Kazakhstan's elections: "Important for you, important for the country."
As Kazakhstan’s parliamentary election campaign begins on December 16, the country’s political classes are preparing for the ruling Nur Otan party to win yet another landslide. Though President Nursultan Nazarbayev’s administration bills the snap poll as a move toward democratization, few expect the January 15 election to loosen his stranglehold on the political process.
Eight parties are standing for seats in the Mazhilis, the lower house. Nur Otan, which is led by Nazarbayev and held all elected seats in the last Mazhilis (dissolved last month for this snap election), is heading for a landslide—perhaps on a par with the 88 percent it received in 2007, when no other party cleared the 7-percent electoral threshold.
Under legislation passed in 2008, this time a multiparty parliament is guaranteed: If no other party clears the barrier, the party coming second will be exempted from it.
Favorite to come second is the pro-business Ak Zhol party, led by Azat Peruashev and viewed as tacitly backed by Astana for the role of tame parliamentary opposition.
The only credible opposition force standing is the OSDP, which includes the Azat party and is co-led by Zharmakhan Tuyakbay and Bolat Abilov.
The Party of Patriots’ ticket is headed by environmentalist Mels Yeleusizov, famous for challenging Nazarbayev in this April’s presidential election – and voting not for himself but for Nazarbayev.
A clash between a group of suspected terrorists and security forces outside Kazakhstan's commercial capital has claimed seven lives, local news agencies reported. The weekend fighting is latest in a series of terrorism-related incidents that are sending shock waves through the country as authorities confront the rising threat to stability posed by homegrown extremism.
The shootout occurred in the village of Boralday, five kilometers outside Almaty, when security forces moved in near midnight on December 3 to capture a group they suspected of being behind the killing of two police officers in central Almaty on November 8. Two members of the elite Arystan crack squad and five members of the group died, the prosecutor's office said, including the alleged leader, named Agzhan Khasen, who was wanted on suspicion of leading a terrorist group. Two grenades and four firearms were found in the house where the group was holed up.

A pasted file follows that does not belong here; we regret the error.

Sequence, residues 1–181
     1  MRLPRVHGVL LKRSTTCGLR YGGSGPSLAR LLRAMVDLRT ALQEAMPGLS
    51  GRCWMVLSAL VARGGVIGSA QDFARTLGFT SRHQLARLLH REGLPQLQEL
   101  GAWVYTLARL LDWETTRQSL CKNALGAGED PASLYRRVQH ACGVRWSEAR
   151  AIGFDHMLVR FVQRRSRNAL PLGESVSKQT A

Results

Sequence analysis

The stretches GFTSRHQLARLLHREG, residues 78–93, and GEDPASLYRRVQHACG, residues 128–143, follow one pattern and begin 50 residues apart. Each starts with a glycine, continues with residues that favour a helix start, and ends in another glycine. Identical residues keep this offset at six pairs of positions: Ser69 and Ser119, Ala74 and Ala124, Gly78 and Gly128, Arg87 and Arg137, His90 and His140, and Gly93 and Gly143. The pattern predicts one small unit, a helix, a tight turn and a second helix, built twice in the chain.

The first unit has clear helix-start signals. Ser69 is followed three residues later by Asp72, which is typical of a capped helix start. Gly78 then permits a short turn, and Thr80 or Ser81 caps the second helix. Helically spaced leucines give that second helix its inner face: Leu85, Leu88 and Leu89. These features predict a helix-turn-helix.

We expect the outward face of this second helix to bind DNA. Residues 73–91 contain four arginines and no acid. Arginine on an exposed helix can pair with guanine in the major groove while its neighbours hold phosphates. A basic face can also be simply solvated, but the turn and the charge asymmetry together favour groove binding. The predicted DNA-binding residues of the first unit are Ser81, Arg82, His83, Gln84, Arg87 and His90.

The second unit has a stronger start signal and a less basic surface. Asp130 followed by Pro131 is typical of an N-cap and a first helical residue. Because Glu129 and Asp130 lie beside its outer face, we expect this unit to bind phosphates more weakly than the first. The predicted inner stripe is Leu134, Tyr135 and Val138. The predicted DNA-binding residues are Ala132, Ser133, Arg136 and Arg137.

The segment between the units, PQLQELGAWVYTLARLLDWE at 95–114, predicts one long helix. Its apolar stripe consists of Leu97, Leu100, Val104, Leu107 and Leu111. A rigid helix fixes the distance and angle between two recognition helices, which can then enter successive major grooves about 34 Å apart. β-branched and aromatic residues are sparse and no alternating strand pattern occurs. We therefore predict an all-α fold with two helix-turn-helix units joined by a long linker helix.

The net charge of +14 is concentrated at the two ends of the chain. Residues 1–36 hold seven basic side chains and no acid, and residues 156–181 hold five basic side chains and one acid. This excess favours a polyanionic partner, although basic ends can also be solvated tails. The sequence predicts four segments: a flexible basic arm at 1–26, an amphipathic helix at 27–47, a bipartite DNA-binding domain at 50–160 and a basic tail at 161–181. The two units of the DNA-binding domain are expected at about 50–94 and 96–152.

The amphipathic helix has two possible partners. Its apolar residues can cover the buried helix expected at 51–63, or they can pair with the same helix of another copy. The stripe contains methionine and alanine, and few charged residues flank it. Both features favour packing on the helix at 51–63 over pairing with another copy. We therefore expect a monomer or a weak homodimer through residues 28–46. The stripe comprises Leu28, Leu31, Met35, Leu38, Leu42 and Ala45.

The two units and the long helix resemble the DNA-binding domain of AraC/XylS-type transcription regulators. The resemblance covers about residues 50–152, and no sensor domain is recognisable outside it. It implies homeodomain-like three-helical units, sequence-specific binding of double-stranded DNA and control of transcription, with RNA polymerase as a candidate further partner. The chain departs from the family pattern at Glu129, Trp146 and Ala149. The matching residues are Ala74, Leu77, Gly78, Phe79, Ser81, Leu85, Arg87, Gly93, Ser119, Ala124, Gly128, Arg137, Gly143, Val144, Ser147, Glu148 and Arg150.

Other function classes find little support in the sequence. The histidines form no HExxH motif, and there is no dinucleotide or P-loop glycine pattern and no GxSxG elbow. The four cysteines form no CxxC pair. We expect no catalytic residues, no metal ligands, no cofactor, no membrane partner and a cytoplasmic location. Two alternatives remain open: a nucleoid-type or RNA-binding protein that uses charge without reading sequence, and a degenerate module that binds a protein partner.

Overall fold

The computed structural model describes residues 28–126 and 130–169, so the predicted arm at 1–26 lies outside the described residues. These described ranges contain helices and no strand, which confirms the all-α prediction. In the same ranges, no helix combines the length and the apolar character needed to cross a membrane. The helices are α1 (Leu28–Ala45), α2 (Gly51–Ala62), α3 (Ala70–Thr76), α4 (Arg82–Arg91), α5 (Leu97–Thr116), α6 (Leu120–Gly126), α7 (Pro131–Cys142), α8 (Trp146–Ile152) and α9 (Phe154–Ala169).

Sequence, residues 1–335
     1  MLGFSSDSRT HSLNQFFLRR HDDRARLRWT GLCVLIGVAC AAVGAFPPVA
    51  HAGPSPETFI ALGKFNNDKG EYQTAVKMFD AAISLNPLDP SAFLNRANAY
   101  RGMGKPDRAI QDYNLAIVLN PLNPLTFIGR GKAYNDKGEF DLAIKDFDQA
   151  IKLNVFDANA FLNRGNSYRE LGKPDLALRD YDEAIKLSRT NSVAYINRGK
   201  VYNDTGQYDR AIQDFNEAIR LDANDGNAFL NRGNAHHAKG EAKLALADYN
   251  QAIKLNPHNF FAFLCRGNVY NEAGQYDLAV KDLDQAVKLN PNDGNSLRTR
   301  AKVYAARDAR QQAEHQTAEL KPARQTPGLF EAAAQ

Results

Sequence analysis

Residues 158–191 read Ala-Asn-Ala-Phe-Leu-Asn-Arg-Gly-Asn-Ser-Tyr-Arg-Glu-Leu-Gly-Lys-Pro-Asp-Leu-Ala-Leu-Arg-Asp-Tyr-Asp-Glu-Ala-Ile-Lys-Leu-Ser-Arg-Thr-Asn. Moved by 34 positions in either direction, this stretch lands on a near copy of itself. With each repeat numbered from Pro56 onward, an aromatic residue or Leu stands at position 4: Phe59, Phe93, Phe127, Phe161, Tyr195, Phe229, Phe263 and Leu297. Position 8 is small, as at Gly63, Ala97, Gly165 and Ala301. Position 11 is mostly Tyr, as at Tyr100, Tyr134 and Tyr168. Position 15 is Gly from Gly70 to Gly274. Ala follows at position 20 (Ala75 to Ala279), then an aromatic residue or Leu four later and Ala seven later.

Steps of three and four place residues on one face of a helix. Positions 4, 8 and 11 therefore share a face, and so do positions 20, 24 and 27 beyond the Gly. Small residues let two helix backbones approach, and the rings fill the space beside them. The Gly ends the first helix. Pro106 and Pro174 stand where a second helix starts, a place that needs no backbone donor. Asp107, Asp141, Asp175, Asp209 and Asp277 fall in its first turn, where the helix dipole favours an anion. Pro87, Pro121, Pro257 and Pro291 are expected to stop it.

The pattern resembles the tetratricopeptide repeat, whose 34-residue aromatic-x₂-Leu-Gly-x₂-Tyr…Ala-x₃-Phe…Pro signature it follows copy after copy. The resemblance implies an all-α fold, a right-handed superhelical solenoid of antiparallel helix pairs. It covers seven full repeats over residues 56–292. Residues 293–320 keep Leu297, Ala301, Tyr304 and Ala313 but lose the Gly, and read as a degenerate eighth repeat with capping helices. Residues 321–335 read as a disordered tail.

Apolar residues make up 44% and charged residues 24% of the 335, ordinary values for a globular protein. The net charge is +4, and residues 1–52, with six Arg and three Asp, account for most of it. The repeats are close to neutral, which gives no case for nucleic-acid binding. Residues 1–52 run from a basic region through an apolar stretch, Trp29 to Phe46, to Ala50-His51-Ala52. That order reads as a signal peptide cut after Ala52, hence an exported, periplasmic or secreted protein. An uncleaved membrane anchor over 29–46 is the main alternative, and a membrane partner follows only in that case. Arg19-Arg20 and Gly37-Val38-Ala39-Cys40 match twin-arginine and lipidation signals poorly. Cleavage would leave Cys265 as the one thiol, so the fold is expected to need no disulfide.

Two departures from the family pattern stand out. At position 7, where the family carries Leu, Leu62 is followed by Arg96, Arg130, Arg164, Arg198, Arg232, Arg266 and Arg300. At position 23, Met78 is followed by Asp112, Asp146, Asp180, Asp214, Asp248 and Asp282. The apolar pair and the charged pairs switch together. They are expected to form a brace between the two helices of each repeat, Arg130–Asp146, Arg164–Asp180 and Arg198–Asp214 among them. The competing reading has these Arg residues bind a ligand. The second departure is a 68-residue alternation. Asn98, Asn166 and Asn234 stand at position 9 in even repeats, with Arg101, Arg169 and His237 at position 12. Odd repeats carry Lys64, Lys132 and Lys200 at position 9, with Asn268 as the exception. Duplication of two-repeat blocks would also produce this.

"There is no threat to the public and there are no grounds for anxiety," the prosecutor's office said in a statement.
The incident brings the death toll from a string of cases with possible extremist links to 37, including 14 members of law-enforcement bodies.
Dariga Nazarbayeva is staging a political comeback in Kazakhstan. After four years in the wilderness, Nazarbayeva, daughter of strongman Nursultan Nazarbayev, is to stand for parliament on the ticket of her father’s ruling Nur Otan party. In Kazakhstan's micromanaged political system, it's an almost certain bet that she’ll get in.
Nur Otan unveiled its party list for the January 15 election at its party congress today. This is a remarkable comeback for the president's eldest daughter, who fell out of favor thanks to the antics of her former husband Rakhat Aliyev in 2007. Aliyev was once a powerful political and economic player in Kazakhstan, but his machinations finally became too much for Nazarbayev when he was linked to the abduction of two bankers. Criminal charges were filed against him, and Nazarbayeva divorced him.
The bankers' bodies were found this year, prompting a murder charge against Aliyev, who’s already been found guilty in absentia on charges including abduction, racketeering and plotting a coup d'etat. Aliyev, who regularly emits a stream of online vitriol against his former father-in-law, is now reported to be living in Malta under the surname of his new wife, Shoraz.
The Peace Corps, which sends thousands of Americans abroad every year to volunteer in public health, education and business development, is pulling out of Kazakhstan, according to unconfirmed reports. Volunteers say they have been ordered home within the next couple of weeks.
Peace Corps HQ did not respond to EurasiaNet.org's request for confirmation, but volunteers are adamant that – 18 years after the first contingent arrived in Kazakhstan – the program is closing.